Children or adolescents may react in a variety of ways, such as intense emotional distress and difficulty in self-regulation, behavior changes, problems developing and maintaining relationships, attention and academic difficulties, difficulty sleeping and eating.
Older children may use drugs or alcohol and engage in other risky behaviors. These reactions are understood as traumatic stress.
Children and youth who have traumatic stress reactions are at increased risk of involvement in the juvenile justice system.
Professionals working in child serving systems like juvenile justice can have a positive impact for children, adolescents and their families by developing universal strategies and trauma-informed practices.
At the end of this presentation, participants will be able to:
1. Recognize behaviors in children and youth that may be the result of exposure to traumatic events or grief/loss;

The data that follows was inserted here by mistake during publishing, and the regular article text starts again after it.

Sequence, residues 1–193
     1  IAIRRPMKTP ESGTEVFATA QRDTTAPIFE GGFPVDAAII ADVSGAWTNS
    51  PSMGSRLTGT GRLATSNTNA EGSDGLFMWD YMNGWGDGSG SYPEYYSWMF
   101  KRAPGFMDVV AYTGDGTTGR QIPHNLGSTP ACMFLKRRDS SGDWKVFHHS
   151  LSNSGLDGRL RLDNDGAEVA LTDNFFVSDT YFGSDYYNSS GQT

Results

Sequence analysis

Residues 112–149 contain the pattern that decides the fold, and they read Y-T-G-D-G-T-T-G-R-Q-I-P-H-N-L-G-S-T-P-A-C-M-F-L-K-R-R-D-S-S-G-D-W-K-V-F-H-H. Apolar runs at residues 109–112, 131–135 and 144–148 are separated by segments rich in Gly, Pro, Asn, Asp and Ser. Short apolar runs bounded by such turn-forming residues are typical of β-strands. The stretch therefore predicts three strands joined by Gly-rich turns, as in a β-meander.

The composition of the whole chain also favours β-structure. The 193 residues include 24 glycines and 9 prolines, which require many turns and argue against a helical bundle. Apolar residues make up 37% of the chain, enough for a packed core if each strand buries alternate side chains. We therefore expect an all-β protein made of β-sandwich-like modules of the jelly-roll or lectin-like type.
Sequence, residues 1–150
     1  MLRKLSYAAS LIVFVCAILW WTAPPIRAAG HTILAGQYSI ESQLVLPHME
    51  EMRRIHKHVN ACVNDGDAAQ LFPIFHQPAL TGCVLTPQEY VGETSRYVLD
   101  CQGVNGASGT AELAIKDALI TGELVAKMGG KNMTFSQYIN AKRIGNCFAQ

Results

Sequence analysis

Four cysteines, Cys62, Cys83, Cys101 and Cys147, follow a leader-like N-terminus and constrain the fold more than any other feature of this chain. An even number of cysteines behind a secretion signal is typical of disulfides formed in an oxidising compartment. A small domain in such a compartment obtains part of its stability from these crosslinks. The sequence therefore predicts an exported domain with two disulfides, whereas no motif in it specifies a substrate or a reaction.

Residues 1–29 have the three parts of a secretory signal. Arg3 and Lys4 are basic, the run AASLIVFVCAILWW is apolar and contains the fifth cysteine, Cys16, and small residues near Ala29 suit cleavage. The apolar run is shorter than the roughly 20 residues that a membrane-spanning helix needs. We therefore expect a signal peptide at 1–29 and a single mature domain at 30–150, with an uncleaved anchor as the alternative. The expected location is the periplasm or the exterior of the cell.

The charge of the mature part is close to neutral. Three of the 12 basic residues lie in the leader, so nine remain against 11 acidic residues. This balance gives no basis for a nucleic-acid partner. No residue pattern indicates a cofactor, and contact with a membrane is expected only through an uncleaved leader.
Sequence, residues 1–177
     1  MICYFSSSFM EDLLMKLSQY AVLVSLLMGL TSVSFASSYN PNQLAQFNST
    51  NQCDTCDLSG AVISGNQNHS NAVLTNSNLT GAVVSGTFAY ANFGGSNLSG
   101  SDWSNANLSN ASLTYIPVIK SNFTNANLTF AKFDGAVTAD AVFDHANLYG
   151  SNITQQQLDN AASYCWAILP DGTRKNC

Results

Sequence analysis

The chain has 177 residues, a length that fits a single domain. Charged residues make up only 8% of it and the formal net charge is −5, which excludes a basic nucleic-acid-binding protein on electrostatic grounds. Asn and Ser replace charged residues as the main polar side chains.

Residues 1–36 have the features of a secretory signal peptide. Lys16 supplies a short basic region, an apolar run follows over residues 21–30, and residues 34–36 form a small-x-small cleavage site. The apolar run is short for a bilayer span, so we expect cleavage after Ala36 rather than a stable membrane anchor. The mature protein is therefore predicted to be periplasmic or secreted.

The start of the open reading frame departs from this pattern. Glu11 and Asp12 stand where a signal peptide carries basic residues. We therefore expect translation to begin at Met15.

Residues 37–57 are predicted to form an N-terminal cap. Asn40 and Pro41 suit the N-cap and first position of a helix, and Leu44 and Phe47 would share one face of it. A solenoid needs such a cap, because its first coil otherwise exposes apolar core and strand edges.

2. Begin to utilize and apply universal strategies to support children and youth in their professional settings;
3. Acquire the foundational knowledge to plan and begin to create trauma-informed practices in their agencies/programs
Facilitator: Marilyn J. Bruguier Zimmerman, MSW, PhD, (Nakota/Dakota/Ojibwe/Newe)
Senior Director of Policy and Programs, National Native Children's Trauma Center Diversity and Inclusion Coordinator, 2 + 2 Program School of Social Work University of Montana